Profiles of Culturally Salient Positive Parenting Practices Among Urban-Residing Black Head Start Families

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Abstract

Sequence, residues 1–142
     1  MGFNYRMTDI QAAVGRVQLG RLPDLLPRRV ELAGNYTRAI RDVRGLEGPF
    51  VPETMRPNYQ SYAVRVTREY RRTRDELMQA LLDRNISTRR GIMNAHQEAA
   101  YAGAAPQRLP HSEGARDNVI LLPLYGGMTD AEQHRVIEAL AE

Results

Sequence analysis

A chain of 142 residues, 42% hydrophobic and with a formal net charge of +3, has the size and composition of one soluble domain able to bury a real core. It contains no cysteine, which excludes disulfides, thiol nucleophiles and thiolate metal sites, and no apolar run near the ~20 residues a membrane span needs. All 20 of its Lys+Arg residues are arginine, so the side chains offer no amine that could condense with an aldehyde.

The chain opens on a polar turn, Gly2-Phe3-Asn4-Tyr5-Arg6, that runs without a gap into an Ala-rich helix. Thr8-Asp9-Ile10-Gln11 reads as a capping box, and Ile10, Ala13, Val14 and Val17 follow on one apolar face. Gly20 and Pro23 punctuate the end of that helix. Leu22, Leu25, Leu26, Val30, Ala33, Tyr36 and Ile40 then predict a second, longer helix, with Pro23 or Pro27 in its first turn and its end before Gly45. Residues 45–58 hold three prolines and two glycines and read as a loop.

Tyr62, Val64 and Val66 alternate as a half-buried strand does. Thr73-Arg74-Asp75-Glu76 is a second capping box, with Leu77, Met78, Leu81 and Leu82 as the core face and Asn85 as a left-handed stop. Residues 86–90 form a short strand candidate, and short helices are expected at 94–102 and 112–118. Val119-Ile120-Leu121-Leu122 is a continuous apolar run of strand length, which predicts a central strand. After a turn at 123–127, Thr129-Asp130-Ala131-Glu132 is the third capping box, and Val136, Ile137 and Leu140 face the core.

Objectives: To better understand within-group variability in positive parenting practices among low-income Black families, the present study, grounded in a multidimensional comparative framework, examined (a) patterns of positive parenting practices among U.S.-born African American parents and Black Caribbean immigrant parents and (b) the extent to which these patterns related to parents’ daily family social support, parents’ social sensitivities, and children’s social-emotional outcomes. Method: A person-oriented approach was employed with data from 524 African American and Black Caribbean immigrant parents (mothers, fathers, grandparents, aunts/uncles) of preschool-aged children in Head Start. Results: Multistage hierarchical cluster analysis revealed that although the best solution for both ethnic groups was a 5-profile solution, the particular profiles that emerged across the 2 groups were distinct. Further, different parenting practices were salient among the ‘high positive parenting’ profiles and ‘low positive parenting’ for African Americans and Caribbean immigrants. In addition, demographic factors (education, gender, and marital status) differentially related to patterns of positive parenting across the 2 ethnic groups, and these patterns of parenting were associated with children’s social emotional development and parenting resources in meaningful ways. Conclusions: Findings underscore the importance of conducting within-group studies that examine variability across ethnocultural groups identified as belonging to the same racial group. Indeed, there was variation in the manifestations of positive parenting within and across the ethnic groups included in this study (i.e., African Americans and Caribbean immigrants) that can inform future research and practice.

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